TA partnership that started in 2010 with the first Destiny, has finally run its course as Activision and Bungie have finally parted ways after what can only be described as strenuous 8 years.
In a recent blog post, Bungie confirmed the split, thanking Activision for their help in making Destiny and Destiny 2 a big success, and saying that:
“The planned transition process is already underway in its early stages, with Bungie and Activision both committed to making sure the handoff is as seamless as possible.”
The Bungie Activision relationship has been tumultuous in the past few years. While Destiny 2 Forsaken DLC was well received by the community, Activision lamented that the game did not meet their sales target. While Bungie has always tried to cater to the hardcore involved community, Activision has visibly asked them to make their games accessible to casual gamers as well. The biggest rift though has to be the strict fall schedule that Activision has asked Bungie to follow asking them to drop either a major release or a new game every fall in an annual cycle, irrespective of whether it’s finished or not.
Of course, the relationship between Activision and Bungie is not the only factor in this split. Activision has been on a cost-cutting warpath in the past 12 months or so, with Blizzard being the biggest target. Activision has also abandoned the Skylander license recently. So cutting off a franchise which wasn’t profiting enough in their opinion might have been another strategic move.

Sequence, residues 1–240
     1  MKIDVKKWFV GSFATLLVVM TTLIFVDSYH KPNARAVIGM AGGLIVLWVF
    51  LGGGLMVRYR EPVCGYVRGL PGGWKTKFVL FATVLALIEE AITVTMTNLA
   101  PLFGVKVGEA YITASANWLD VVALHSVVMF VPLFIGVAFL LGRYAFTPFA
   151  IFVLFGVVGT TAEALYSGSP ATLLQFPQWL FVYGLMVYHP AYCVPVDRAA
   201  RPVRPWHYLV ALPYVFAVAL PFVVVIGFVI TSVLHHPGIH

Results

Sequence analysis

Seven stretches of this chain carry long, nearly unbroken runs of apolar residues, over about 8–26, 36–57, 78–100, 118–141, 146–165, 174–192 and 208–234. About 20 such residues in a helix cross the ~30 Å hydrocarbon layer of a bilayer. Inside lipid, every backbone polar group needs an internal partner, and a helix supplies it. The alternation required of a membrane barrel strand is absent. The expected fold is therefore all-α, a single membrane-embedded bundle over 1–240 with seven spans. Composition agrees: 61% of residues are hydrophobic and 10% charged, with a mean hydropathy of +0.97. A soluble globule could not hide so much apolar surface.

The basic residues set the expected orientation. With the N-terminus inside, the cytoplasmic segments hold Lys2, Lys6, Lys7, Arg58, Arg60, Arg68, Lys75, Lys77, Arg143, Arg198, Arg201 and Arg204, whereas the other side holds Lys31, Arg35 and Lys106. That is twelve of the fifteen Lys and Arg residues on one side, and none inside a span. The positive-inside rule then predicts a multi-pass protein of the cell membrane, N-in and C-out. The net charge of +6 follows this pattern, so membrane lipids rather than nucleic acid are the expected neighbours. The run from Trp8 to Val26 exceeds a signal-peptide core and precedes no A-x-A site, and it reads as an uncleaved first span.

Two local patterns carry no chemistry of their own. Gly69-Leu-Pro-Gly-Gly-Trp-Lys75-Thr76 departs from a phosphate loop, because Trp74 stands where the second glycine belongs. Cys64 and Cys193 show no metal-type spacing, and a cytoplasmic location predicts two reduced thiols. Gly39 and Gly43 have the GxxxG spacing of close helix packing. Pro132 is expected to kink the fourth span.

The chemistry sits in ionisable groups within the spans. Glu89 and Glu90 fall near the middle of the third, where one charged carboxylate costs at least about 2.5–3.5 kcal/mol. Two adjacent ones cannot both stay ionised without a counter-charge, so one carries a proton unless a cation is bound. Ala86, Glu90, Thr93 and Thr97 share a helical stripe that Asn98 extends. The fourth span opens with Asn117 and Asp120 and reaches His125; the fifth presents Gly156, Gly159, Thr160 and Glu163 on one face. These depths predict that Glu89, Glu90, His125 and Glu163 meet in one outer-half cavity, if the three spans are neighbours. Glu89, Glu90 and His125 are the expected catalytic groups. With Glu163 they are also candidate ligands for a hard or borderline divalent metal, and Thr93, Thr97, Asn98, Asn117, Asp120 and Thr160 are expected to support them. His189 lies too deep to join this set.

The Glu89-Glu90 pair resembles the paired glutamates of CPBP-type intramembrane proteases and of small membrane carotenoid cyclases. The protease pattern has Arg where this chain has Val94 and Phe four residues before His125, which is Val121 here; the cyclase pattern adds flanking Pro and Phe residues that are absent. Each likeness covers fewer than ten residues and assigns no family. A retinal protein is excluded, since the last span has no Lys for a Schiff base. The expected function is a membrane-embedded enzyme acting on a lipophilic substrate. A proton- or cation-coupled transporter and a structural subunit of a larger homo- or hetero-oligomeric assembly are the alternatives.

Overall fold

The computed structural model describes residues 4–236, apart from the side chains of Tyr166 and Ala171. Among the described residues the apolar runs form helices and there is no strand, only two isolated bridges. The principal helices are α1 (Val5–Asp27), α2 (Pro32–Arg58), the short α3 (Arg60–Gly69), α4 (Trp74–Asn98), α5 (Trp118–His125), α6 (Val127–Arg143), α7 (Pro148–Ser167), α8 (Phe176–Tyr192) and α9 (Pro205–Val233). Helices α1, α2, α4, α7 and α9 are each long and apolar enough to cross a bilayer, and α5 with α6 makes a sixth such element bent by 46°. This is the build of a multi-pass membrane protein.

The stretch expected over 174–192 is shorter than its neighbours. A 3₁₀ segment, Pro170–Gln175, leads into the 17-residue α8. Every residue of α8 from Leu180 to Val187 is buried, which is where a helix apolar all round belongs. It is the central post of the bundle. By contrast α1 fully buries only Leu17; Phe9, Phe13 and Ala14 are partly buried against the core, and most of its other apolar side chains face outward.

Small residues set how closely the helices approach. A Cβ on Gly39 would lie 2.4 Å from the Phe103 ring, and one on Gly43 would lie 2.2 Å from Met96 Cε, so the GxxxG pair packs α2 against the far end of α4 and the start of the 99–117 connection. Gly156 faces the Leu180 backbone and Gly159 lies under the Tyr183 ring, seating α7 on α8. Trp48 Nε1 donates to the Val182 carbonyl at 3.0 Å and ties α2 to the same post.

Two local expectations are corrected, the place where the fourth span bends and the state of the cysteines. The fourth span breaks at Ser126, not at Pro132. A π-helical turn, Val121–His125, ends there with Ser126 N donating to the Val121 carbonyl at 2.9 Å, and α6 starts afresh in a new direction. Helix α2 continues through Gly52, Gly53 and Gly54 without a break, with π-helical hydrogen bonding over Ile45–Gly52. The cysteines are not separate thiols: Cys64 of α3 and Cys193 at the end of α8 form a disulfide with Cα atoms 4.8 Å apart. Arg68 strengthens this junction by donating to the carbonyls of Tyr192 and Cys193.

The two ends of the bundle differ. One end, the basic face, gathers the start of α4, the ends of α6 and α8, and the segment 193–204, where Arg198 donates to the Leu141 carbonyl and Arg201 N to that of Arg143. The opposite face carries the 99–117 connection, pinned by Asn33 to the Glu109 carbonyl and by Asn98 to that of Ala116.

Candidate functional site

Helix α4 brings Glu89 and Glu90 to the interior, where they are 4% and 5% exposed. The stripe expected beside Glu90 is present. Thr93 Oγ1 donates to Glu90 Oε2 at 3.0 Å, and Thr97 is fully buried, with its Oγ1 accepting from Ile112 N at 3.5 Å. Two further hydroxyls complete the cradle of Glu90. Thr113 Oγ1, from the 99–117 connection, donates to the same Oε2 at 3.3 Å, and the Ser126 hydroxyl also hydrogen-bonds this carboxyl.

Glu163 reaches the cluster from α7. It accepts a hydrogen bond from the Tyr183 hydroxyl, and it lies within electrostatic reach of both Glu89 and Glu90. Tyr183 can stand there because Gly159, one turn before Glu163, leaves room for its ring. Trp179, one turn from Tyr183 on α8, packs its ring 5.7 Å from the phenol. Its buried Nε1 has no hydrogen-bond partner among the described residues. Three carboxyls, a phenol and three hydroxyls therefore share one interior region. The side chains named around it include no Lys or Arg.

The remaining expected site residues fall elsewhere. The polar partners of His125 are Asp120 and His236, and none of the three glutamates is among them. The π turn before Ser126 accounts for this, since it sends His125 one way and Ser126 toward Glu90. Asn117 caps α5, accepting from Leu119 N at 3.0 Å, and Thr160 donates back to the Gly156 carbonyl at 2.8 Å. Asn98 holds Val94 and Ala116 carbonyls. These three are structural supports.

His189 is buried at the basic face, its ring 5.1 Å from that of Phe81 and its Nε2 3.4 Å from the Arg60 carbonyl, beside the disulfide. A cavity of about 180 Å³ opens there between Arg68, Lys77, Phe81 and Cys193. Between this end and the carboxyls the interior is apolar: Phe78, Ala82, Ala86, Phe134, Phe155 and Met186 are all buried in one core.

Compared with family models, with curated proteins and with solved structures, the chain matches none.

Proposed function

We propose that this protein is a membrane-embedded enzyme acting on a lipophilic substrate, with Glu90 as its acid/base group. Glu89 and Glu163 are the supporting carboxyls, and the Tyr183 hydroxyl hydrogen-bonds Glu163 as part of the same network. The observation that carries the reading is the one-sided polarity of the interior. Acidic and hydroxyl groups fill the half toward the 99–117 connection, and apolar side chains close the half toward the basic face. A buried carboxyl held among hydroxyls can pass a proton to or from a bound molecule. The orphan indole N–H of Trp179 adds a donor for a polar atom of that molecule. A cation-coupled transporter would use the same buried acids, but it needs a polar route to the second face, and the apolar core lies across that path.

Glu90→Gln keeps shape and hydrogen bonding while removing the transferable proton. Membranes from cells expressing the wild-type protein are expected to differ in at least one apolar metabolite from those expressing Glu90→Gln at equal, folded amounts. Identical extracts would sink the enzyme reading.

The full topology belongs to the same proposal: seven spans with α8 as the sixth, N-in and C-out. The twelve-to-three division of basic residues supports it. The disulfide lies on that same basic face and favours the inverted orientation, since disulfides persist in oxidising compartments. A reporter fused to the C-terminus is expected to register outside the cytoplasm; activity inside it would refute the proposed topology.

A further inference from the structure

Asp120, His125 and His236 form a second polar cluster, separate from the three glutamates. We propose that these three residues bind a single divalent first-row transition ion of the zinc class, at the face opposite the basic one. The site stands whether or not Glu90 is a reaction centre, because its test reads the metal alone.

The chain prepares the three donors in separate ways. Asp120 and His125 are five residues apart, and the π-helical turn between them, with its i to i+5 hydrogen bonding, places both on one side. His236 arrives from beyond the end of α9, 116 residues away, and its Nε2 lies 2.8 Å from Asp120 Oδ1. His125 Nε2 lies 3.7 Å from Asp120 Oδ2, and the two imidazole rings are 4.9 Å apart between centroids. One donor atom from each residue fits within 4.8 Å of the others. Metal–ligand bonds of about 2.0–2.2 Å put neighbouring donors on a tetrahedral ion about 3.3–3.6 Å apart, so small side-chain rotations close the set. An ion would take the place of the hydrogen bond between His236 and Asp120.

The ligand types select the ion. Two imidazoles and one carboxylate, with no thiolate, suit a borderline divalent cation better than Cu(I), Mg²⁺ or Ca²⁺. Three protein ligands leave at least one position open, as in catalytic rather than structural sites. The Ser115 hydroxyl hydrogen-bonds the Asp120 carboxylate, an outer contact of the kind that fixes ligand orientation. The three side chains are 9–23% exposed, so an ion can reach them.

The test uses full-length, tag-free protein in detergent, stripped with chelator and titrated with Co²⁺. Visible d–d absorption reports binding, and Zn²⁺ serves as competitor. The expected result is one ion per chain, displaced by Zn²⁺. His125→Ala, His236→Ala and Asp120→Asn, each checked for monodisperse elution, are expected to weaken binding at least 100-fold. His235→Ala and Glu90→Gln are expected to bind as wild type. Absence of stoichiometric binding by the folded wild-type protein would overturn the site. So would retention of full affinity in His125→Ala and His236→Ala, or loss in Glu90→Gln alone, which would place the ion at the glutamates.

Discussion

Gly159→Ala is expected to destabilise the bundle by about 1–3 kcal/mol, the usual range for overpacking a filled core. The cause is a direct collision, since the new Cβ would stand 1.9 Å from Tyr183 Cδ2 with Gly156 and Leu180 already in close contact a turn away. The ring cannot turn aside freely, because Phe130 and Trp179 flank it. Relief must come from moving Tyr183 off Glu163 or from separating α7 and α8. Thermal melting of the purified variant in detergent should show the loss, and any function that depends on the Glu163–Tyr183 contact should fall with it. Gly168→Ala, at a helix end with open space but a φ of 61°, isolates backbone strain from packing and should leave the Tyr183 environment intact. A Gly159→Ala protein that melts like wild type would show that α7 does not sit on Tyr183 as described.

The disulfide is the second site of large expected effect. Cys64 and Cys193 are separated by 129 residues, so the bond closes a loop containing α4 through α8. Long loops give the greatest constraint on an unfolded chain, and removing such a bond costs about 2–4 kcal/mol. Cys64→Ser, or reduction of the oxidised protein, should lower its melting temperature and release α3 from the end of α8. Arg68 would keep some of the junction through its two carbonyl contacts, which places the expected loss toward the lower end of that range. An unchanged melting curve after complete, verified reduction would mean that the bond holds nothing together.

Bungie, on the other hand, has always savored independence as a big factor in their work culture, and are also highly protective of their work. In 2007, they split from Microsoft, relinquishing the HALO IP, when the franchise was shared with other studios for spin-off games. Interestingly, Activision had High Moon and Vicarious Visions (2 of their other studios) working on Destiny 2 content. How much was that a factor?
Plus there is a recent investment of $100 Million from a Chinese mobile giant NetEase. with which their dependence on Activision might have reduced, and the deadline restrictions placed on them wouldn’t have seemed like too much of a compromise for the studio.
Bungie plans to transfer the entire publishing rights from Activision to themselves in the near future. The game will still stay on Battle.net, and the planned content drops are to continue as planned.
What happens after the last season has been delivered is anyone’s guess. Would Bungie scrap Eververse, would it release Destiny 3, will there be a new expansion to Destiny 2. No one knows.
Guess 10 years means 8 in Activision time.